# Edit: apparently you need something called Adobe digital Editions to read that epub later. So there is some kind of drm.
The result is indeed great: E-books are reasonably priced, they get auto-delivered (as "docs") to your Kindle if you wish, or you can get an ePub version if you prefer. You really do own them: the publisher might disappear, but if you keep your files, you keep the books.
I don't think piracy is a factor. It's way too easy to buy the real thing at this point.
The hope publishers have is that it slows distribution a bit and they use it as attempt to manipulate people to allow stronger punishment of infringers.
But the watermarks really only matter when they get illegally copied around, and don't hurt the owner in the way more restrictive forms of DRM do.
Watermarks are an attempt at reproducing rules of physical space in digital space.
And yes, it's still trivially copyable, but that makes it better in any way than DRM: it can be traced back to the original owner but doesn't make it unnecessarily hard to read it on multiple devices.
But hardly any uploader would keep watermarks in, which makes them more of a way for faithful users to not give the book I.e. to friends since there is a visible reminder about being your personal copy.
Also, I specifically would not abide to any kind of law saying I cannot give a book I bought to a friend.
That's why, from publisher's view, the second point is so important: Remind readers all the time that "it" (without going into details) is illegal so they continue buying.
That's right. They are trivially copyable, but the copies are easily traceable. Compute now?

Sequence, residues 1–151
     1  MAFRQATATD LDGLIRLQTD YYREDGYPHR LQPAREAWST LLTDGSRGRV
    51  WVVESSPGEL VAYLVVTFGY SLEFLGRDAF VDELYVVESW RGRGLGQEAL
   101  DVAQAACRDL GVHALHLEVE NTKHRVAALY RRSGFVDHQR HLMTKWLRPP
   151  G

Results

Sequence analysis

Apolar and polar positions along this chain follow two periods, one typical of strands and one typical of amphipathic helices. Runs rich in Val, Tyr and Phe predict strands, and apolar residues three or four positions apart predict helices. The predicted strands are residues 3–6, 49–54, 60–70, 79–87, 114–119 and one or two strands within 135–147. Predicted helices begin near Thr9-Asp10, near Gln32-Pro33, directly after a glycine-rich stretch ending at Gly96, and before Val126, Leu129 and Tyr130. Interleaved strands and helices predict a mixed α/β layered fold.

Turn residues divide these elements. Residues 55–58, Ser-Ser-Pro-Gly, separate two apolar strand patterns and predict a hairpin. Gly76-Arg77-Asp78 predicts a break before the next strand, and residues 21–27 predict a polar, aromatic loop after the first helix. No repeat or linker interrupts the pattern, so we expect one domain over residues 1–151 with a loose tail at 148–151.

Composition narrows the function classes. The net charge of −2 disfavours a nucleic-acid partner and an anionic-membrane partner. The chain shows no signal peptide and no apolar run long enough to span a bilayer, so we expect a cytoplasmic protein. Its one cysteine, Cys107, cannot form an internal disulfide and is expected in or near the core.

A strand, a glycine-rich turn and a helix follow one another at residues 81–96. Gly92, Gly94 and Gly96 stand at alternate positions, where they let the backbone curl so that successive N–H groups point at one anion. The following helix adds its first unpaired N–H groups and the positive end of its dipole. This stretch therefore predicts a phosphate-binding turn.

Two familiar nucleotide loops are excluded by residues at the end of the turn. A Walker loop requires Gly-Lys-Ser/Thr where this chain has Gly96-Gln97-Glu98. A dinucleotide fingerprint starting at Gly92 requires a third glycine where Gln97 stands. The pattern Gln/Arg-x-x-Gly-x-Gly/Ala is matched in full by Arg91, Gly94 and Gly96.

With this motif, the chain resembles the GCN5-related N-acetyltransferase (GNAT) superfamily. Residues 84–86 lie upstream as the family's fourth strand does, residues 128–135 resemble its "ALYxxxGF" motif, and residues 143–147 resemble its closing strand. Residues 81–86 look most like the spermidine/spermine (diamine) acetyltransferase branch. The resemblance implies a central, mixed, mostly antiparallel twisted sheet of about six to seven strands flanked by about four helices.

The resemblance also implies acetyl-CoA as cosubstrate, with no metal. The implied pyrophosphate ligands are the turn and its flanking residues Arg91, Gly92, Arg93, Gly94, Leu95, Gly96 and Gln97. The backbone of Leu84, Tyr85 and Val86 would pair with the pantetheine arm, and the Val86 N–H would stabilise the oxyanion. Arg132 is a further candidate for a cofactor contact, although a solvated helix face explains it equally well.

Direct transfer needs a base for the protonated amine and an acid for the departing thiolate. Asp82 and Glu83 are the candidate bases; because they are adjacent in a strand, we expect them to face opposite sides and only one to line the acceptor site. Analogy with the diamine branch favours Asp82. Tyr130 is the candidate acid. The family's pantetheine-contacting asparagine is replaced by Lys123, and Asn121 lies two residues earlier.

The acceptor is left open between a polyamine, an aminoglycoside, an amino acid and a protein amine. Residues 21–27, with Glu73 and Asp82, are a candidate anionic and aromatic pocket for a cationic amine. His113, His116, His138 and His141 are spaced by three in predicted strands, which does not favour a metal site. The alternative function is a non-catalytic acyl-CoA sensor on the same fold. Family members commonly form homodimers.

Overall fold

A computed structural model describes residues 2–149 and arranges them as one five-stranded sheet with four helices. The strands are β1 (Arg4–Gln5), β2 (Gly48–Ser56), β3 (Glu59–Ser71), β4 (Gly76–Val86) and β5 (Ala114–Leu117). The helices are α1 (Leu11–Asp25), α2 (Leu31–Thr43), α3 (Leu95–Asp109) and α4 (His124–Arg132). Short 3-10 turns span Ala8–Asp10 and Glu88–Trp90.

Except they often are visual. "Owned by X" and such.
Because digital things can be copied for free without loss of fidelity.
> Your printed books aren't. Watermarks are ugly.
A digital watermark can be invisible.
However, in the absence of Amazon, domestic services have sprouted instead - there's a few very big ebook stores, an excellent Audible replacement(with huge superproductions involving famous Polish actors voicing the lines being made regularly), instead of Amazon and Ebay we have Allegro(which in my personal opinion has leapfrogged ebay by about a century worth of development, it's just a much nicer experience). Ebay tried entering the Polish market a few times with huge marketing campaigns and lots of deals, but Allegro's dominance is just so untouchable that I think they have just given up now. I suspect Amazon doesn't even try for the same reason - it's not even localized to Polish(although Polish customers can still order items from any Amazon site, they get delivered to Poland without any issues and for free if you have Prime).